When asked to respond to Mr. Kennedy's contention about "Narnia," Kevin Brockman, an ABC spokesman, said, "That's so ludicrous, it doesn't even merit a response." But Mr. Kennedy said he found ABC's stated reasons for canceling the series unconvincing. Although he acknowledged that he had "no smoking gun" to prove the link between "Narnia" and the fate of "Welcome to the Neighborhood," "I don't believe in coincidences," he said.
"Narnia," a joint venture with Walden Media, has gone on to earn almost $600 million since its release last month, on an investment of more than $150 million. "Neighborhood," by contrast, cost an estimated $10 million.
Now, nearly a year after production on "Neighborhood" concluded - and four months after the Wrights moved into the house - the couple, their new neighbors, Mr. Kennedy and another of the show's producers say they remain bewildered by the abrupt turn in the show's fortunes, including the statement by the network, which owns the rights to the series, that it has no plans either to broadcast it or allow it to be sold to another outlet.
The producers say that it is worth noting that a show that exists mainly to dispel people's tendencies to prejudge strangers was itself a victim of prejudgments. They also note that in a universe of failed reality-show relationships, this experiment has actually succeeded, yet only out of public view.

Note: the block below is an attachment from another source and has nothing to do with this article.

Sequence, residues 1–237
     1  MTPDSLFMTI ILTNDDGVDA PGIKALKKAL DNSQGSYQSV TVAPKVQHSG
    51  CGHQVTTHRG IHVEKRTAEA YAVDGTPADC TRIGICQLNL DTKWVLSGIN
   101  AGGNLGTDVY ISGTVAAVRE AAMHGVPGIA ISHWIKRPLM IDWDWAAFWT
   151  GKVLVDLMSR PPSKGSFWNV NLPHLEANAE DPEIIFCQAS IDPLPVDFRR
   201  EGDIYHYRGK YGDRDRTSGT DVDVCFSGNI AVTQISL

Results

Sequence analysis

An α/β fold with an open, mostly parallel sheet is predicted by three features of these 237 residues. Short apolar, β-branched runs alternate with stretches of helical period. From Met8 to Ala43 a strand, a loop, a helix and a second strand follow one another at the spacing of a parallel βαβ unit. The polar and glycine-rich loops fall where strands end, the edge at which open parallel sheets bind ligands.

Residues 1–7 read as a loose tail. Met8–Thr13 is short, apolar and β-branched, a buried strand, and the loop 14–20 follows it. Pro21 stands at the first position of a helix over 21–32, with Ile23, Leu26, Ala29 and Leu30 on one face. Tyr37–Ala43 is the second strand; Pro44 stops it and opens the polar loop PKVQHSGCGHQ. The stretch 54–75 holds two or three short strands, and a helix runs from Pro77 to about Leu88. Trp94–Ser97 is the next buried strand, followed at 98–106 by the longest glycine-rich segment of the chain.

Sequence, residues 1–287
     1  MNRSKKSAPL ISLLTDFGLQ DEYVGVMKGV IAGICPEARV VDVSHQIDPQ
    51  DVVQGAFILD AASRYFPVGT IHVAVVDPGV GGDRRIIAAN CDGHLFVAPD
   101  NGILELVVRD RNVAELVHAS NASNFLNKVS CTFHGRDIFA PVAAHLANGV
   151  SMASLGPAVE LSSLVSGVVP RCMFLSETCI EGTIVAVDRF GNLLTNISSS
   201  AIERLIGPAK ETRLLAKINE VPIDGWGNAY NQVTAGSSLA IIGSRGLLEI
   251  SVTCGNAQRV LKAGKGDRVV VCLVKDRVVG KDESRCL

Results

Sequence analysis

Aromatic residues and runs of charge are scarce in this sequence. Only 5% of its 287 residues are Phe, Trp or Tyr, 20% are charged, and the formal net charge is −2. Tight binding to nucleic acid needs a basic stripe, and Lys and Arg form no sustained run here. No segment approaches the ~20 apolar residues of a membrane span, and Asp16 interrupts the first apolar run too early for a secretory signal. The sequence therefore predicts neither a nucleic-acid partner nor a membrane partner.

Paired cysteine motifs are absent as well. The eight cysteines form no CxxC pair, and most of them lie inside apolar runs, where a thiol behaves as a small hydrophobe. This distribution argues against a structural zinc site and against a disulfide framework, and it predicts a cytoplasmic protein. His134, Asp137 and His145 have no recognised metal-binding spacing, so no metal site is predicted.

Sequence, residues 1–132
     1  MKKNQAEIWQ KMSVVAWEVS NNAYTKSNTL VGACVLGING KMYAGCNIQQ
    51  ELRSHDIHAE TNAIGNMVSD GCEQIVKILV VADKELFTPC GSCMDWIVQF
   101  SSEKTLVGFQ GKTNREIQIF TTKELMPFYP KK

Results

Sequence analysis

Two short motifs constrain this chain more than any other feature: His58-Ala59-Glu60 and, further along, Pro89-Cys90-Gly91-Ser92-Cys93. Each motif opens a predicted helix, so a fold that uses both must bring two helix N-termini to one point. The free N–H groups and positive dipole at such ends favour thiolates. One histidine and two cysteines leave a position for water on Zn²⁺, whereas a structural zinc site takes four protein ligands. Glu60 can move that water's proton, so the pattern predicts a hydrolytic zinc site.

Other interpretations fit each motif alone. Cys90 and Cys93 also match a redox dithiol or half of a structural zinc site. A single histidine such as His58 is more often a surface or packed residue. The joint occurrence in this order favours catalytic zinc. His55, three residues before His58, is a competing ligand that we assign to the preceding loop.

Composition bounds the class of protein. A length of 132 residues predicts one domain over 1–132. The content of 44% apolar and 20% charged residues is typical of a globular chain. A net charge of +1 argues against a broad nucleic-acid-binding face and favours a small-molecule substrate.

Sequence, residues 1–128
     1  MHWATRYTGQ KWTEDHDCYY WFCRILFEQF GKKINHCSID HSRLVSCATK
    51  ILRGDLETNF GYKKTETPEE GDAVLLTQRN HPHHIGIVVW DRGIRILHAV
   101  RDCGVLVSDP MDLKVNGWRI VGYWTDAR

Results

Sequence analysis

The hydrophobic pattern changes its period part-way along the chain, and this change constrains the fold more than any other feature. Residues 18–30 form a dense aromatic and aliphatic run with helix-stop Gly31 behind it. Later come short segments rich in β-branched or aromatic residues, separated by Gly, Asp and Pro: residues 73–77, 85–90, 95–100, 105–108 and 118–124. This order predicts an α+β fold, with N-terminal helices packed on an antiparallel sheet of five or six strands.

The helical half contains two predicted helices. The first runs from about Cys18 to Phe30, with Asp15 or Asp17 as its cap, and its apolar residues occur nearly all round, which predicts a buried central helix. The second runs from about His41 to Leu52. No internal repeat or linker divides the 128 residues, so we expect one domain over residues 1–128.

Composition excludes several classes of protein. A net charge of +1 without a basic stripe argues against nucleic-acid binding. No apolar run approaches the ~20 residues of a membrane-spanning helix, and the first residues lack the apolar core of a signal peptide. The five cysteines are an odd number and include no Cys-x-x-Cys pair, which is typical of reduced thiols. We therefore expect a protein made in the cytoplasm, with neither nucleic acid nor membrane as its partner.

Since September, when the Wrights moved into their four-bedroom home in the Circle C Ranch development in southwest Austin, they have had standing Friday-night dinners with one neighborhood family (the Stewarts) and Sunday-night dinners with another (the Bellamys), whose twin teenage daughters are now their son's regular baby sitters.
Meanwhile, the neighbor who was the Wrights' earliest on-camera antagonist - Jim Stewart, 53, who is heard in an early episode saying, "I would not tolerate a homosexual couple moving into this neighborhood" - has confided to the producers that the series changed him far more than even they were aware.
No one involved in the show, Mr. Stewart said, knew he had a 25-year-old gay son. Only after participating in the series, Mr. Stewart said, was he able to broach his son's sexuality with him for the first time.
"I'd say to ABC, 'Start showing this right now,' " Mr. Stewart said in an interview at his oak kitchen table. "It has a message that needs to be heard by everyone." (Mr. Stewart first discussed his son publicly with The Austin American-Statesman.)
While other ABC shows have gay characters - including the new comedy "Crumbs" - "Neighborhood" features a real gay couple and their prospective neighbors in a continuing dialogue about homosexuality, including interpretations of the Bible.
In a recent interview, Richard Land, an official with the Southern Baptist Convention involved in the negotiations with Disney last year to end the group's boycott of the company, said he did not recall any mention of "Neighborhood." He added, however, that had the show been broadcast - particularly with an ending that showed Christians literally embracing their gay neighbors - it could have scuttled the Southern Baptists' support for "Narnia."